Ramps are a fantastic way to teach your toddler cause and effect, about gravity, about using tools to engineer a ramp that sends a ball on a fun little course. Setting up a ramp can be simplistic or quite complicated. You can take toilet paper or paper towel rolls and tape them to the wall and send cotton balls, pompoms, or plastic balls down them. As with every project, keep an eye on your toddler if you’re using small balls as they can be a choking hazard. Overall, ramps use nearly every aspect of STEAM so your child is learning about the world around them, whilst having loads of fun.
4. Foam or shaving cream activities
This is a fun science experiment that is really safe. Depending on the resources you have on hand, you can make your own foam from dish soap and water in a mixer (whip it up until it’s thick and foamy and can “stand” on its own) or you can make an edible, but not very tasty foam from the juice of canned chickpeas or lentils. Combine with a tablespoon of cream of tartar per can used, a couple drops of food coloring and then strain and whip the liquid until peaks foam. Shaving cream can also be used, but be aware of strong smells and that it is not edible. Once you have a foam ready, pipe it into muffin tins, different size bowls, even let them find pompoms or shells or toys in the foam. At the end of it, combine it with a cleaning up, so offer your toddler a big bowl of water where they can scrub their toys, and themselves. This activities allows your toddler to experiment with different materials and understand different textures like foam and water.
5. Painting Toys
Another science, technology, and art based activity is painting toys. Using a large tub to keep the paint in one place, set up a line of plastic cars, plastic animals, balls, or anything you have around that can be easily washed. Set your toddlers up with a smock and a paintbrush and then let them paint the toys in the tub. Like the previous project, offer them a bowl of water afterwards to facilitate easy clean-up.
It’s never too young to start facilitating a love of math, and early toddlerhood is a great time to start. Go for a walk and count the leaves or flowers you collect. Count balls as you throw them back and forth or as you sort them. Look for or create patterns and point them out. Even cooking together is a STEAM activity that implements counting and math. Finding math in ordinary circumstances and making it fun will help even your young toddler enjoy counting and hopefully will set them up for a lifetime of if not loving, definitely enjoying math and what it has to offer them.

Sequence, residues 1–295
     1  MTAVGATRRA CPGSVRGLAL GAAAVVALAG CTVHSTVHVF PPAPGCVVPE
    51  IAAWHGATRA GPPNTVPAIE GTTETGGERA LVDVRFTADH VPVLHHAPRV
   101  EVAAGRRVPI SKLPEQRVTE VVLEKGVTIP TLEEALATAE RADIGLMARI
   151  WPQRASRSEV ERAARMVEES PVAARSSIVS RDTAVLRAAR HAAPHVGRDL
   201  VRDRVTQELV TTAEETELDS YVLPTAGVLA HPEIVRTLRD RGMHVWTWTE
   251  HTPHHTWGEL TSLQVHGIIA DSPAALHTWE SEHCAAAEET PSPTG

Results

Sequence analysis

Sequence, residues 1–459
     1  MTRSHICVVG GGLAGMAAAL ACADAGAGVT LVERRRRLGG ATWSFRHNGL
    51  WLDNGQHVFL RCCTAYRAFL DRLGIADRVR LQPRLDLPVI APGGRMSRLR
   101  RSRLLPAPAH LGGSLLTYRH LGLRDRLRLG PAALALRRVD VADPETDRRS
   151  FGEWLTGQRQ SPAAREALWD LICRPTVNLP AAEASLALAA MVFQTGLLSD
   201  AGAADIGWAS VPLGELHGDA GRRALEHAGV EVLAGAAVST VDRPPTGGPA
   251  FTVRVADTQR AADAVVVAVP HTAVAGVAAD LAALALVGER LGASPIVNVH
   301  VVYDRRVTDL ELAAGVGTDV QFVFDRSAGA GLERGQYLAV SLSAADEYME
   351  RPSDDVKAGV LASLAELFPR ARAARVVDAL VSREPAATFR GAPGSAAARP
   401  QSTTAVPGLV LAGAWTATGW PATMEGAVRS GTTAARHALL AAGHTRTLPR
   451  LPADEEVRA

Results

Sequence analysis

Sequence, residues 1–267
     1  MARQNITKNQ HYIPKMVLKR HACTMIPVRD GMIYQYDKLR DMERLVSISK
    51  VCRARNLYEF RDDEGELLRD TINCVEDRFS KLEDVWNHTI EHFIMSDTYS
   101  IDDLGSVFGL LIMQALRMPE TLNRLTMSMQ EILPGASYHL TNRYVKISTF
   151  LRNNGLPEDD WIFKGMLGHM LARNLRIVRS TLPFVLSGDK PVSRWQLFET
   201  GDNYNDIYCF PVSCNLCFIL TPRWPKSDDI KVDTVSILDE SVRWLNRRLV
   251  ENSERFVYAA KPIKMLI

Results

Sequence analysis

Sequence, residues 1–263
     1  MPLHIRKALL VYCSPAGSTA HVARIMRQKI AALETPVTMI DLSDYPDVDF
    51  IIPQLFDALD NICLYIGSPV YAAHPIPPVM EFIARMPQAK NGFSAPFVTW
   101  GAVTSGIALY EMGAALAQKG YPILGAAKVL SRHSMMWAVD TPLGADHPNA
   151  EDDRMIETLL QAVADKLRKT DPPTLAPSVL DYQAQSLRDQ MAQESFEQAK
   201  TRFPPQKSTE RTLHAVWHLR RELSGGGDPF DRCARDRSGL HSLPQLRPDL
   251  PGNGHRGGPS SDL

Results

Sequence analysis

Boring old reading is a fantastic STEAM activity. Look for books that support a healthy perspective of math and make science fun. Lots of counting books are brightly colored and patterned, while other books implement basic science principles that the child can understand.
8. Art and nature
Stencils? Patterns? Outlines? Look no further than nature! The leaves, sticks, and rocks your child loves to collect make great patterns for paints and crayons. Or they can even be used as a canvas and painted directly – a great way to integrate a study of nature with basic art principles.
9. Shapes and geometry
Grab your paints and use those old wooden blocks to stamp out some shapes and patterns. Foam rollers and painter’s tape also make great additions to your toolbox.
10. Sensory play
Kinetic sand, homemade playdoh, slime, even a bowl of dried beans; each one has a different texture and feel to it. Sensory play encourages kids to engage different materials, exploring how they act, as well as how they feel.
Kids love music and singing, and there’s a ton of potential for music as a teaching tool. Even just encouraging your children to make noise can be a great STEAM activity, whether it be with rattles or on old pots and pans.
STEAM for bigger kids
If your toddler has grown into a bigger kid and already has a background in exploring, these activities are perfect for improving and helping them better understand the world around them.
1. Screen-free coding
Coding, in essence, is pattern-following – you create a pattern, encode it, and let a machine follow that pattern. Simplified, screen-free coding works on the same principles. Create a pattern – with dots on paper, pegs on a board, or whatever – and let your child trace that pattern and connect the dots. Another great activity is to read the book “We’re Going on a Bear Hunt” and combine it with a story grid so the child uses the grid and arrows to indicate where the family explored
2. Egg-painting with vinegar
Have some extra eggs, and want to introduce your children to the world of chemical reactions? Try egg painting with vinegar! Take some hard-boiled eggs, color on them with crayon, then soak them in vinegar. The vinegar’s acetic acid and the sodium carbonate of the eggshells will create bubbles in the vengar, and after about an hour, you take the eggs out and boil them again. This removes the crayon – but you’ll find the picture stays behind, etched on by the reaction